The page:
I was in Kumasi over the weekend and happened to listen in to a conversation between a group of young Ghanaians. The discussions were centered around conditions in the country. One of the young men bemoaned the lack of jobs and the increasing cost of living. After over two hours of heated debates, the general consensus was that military intervention is the best way out of the present quagmire. I was shocked considering our history with the military. At the same time, I wasn’t surprised as it confirmed Michael Bratton’s evaluation of democracy in some selected African countries including Ghana.

In his Afrobarometer article “Wide but Shallow: Popular Support for Democracy in Africa”, Bratton makes the point that many Africans including Ghanaians support democracy but the understanding of democracy are tractable. People ascribe their own meanings to the term based on their own experiences either as individuals or as a group. So for instance a person who has lived through years of state-sanctioned intimidation and abuse may see democracy as a situation of no abuse and intimidation. Similarly, a person who has struggled to meet his or her daily needs will see democracy as a system of governance where people are able to meet their needs.

In recognition of these, Bratton warns that to the extent democracy can mean all things to all people it risks losing a core identity of its own which may lead to a situation where the type of democracy preferred by Africans including Ghanaians may be a non-liberal one. This, therefore, begs the question, why would most people not have a common understanding of democracy? What do people expect of democratic states? Why are people not happy being able to participate in processes affecting their lives? The answers to these are not far-fetched.

Democracy in its strictest sense is development. These two concepts are not mutually exclusive. Democracy makes development and vice versa. Sen makes this point clearer in his book “Development as Freedom”. He argues that any process of development which fails to guarantee the kind of life people have reason to value is a travesty of the concept. People want to be well-nourished, healthy, educated, engaged in a sustainable livelihood, participate in every decision-making process affecting their lives, and holding their leaders to account.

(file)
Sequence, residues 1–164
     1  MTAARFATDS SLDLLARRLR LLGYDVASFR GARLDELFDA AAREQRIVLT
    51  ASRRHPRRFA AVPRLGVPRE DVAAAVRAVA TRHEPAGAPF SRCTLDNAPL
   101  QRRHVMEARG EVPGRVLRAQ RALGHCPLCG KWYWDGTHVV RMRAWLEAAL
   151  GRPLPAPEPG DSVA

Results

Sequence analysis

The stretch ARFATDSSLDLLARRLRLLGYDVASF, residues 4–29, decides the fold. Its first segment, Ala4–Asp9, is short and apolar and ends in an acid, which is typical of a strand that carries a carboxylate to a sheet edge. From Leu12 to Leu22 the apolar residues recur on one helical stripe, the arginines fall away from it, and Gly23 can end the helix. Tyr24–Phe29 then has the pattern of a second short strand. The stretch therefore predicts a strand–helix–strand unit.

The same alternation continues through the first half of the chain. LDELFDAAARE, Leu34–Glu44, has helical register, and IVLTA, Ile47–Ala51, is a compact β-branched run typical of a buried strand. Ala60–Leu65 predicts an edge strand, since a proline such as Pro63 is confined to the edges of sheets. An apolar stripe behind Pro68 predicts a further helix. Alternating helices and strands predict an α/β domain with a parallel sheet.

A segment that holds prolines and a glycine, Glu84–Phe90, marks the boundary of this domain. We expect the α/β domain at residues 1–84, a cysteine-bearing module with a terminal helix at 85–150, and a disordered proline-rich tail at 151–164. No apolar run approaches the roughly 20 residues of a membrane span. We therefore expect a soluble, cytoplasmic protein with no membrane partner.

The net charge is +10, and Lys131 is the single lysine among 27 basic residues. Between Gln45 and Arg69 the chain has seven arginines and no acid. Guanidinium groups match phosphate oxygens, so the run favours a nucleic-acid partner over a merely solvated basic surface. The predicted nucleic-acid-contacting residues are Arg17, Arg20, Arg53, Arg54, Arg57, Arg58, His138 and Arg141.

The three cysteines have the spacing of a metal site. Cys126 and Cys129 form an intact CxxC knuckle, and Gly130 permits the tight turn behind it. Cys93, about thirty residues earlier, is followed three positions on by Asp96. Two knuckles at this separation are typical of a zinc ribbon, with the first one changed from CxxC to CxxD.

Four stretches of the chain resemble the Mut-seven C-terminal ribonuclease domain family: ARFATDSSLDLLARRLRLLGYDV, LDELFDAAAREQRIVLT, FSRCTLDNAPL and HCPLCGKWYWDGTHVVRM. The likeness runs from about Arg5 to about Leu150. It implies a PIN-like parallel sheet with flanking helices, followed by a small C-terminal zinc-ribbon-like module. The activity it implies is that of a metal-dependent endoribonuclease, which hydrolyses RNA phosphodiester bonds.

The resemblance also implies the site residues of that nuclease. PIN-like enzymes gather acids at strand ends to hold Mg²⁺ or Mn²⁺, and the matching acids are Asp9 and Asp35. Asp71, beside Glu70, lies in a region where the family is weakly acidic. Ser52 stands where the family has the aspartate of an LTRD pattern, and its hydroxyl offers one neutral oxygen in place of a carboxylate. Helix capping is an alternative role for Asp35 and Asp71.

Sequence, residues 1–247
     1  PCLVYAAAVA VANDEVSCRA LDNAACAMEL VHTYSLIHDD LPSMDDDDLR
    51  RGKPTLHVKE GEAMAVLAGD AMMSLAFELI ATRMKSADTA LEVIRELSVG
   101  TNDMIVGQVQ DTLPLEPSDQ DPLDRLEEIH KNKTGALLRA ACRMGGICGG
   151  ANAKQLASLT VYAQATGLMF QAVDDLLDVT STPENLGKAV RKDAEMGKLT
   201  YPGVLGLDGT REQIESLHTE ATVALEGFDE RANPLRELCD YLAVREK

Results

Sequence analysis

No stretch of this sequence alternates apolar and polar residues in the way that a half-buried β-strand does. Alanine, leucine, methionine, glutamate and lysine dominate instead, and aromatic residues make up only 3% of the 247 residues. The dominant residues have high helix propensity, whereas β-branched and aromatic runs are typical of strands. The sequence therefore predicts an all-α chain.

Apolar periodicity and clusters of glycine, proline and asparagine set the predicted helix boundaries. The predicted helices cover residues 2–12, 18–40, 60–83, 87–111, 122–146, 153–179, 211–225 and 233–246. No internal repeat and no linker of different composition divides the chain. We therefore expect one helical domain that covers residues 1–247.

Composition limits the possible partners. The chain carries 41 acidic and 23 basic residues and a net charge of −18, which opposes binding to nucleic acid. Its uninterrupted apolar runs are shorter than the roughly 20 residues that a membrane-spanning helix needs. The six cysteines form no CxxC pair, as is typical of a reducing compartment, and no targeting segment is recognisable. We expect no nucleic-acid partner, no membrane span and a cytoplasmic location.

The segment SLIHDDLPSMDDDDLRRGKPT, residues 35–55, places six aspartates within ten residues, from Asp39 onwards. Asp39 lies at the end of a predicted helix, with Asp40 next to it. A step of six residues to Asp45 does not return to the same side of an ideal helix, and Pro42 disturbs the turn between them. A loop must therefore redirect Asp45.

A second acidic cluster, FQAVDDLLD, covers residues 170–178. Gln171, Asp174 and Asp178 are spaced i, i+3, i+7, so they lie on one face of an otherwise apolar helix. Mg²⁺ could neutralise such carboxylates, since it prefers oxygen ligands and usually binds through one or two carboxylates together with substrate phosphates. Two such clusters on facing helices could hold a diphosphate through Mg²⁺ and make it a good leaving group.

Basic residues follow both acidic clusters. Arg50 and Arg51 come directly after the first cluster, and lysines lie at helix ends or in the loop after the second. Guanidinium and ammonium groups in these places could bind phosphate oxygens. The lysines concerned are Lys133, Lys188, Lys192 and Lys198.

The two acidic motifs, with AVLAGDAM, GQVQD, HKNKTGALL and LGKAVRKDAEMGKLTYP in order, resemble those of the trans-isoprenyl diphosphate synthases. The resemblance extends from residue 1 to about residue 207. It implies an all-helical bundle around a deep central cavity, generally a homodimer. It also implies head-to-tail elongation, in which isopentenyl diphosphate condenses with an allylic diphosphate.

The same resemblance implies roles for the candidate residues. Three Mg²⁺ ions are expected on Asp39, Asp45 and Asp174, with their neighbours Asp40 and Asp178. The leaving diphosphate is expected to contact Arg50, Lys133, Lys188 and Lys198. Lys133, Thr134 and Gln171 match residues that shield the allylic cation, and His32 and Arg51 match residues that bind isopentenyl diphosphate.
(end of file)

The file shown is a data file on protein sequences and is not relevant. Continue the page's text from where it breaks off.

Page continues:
While some of these wants can be provided even under autocrats and oligarchs, one cannot downplay the importance of living under a developmental democracy. So why are people wishing for a military take over? Indeed aside from the group, I met in Kumasi, over 90% of people I have had informal conversations with are all gravitating towards a military takeover. The general feeling I gathered is that most people are disappointed with the results of democracy in the last 2.5 decades. People believe the ruling elites have lost their way and the military are the only people who can be trusted to bring sanity into the system.

For most of these people, Akufo- Addo represented their greatest hope to restore confidence in this country. Many had very great expectations of a Ghana Free from corruption, indiscipline and operating under the rule of law under an Akufo- Addo presidency. While they acknowledge a lot has been done over the last 5 years, the seeming growing impunity and increasing cost of living is stretching their patience for a man they had so much hope in. Nana Addo’s no nonsense personality those people who voted for him felt in love with seems to have eluded him. So for these people, if Nana Addo fails to transform Ghana then the country is a lost cause.

Thus judging from these concerns and the growing frustration with governance in Ghana, I ask again can Ghana’s version of democracy survive the next decade? The future will be the best judge.